In late January 2015, a NASA spacecraft caught an unusual view of Earth. The Solar-Terrestrial Relations Observatory A (STEREO A) observed our planet from a position on the far side of our nearest star. It also glimpsed Mercury passing through the field of view.
STEREO includes a pair of spacecraft designed to observe the Sun’s activity—particularly coronal mass ejections and solar wind streams—in three dimensions. After eight years in orbit around the Sun, both spacecraft—STEREO Ahead, or A, and STEREO Behind, or B—are now on the far side, about 290 million kilometers (180 million miles) from Earth.
The images above were captured by the Sun-Earth Connection Coronal and Heliospheric Investigation (SECCHI) instrument on STEREO A. SECCHI includes an extreme ultraviolet imager, two heliospheric imagers, and two white-light coronagraphs. The images above were taken with the Cor2 coronagraph, which uses a small occulting disk near the telescope entrance to block the bright light of the Sun itself, allowing the instrument to capture the faint light of the solar wind and the Sun’s outer atmosphere, or corona. The white circle shows the diameter of the Sun. The field of view in each coronagraph images is about 21 million kilometers across (13 million miles), or 30 solar radii.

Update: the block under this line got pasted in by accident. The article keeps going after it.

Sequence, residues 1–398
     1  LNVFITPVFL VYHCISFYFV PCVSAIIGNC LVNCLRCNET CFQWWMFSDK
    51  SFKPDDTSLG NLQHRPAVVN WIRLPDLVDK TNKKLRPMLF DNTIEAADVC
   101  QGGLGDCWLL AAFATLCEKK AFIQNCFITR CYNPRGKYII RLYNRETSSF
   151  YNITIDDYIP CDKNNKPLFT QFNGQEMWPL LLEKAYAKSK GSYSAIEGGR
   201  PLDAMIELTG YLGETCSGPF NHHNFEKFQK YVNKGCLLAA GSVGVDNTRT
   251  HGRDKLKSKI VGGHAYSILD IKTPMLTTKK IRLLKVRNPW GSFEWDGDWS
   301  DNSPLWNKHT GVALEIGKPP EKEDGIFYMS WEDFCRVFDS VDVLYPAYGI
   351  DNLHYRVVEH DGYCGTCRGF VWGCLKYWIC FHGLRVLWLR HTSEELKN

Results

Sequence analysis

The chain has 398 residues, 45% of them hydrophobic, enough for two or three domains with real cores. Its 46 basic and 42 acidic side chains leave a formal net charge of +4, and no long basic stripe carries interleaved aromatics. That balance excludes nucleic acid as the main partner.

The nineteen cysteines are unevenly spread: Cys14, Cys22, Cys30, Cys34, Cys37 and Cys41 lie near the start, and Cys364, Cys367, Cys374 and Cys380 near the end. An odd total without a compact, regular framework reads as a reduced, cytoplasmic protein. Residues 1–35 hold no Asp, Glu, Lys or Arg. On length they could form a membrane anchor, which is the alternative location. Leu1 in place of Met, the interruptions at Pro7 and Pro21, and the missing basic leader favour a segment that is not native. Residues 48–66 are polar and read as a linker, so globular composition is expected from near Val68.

Earth appears as a white dot with a line through it on the left side of the images, while Mercury passes through the scene from right to left. Note how Earth’s position relative to the Sun and STEREO changes very little over the six days. However, Mercury moves quickly through the field of view, owing to its shorter orbital period and its shorter distance from the Sun and STEREO.
The horizontal lines through each planet are due to extra photons hitting the CCD detector, as Earth and Mercury are much brighter than the features the coronagraph was designed to observe. A few stars of the Milky Way are also visible in the background. Faint puffs of solar wind and coronal streamers stretch out from the solar disk in all directions, but predominantly from the upper left and lower right. On January 31, a possible eruption of solar material appears in the lower right quadrant.
The time-lapse video below shows the planetary motions and solar wind streams from January 28 to February 2, 2015.
Images from NASA STEREO and the Naval Research Laboratory SECCHI team. Caption by Mike Carlowicz, with assistance from Joe Gurman (NASA GSFC) and the SECCHI team (NRL).
The STEREO A spacecraft looked back from the far side of the Sun to capture an image of Earth and Mercury.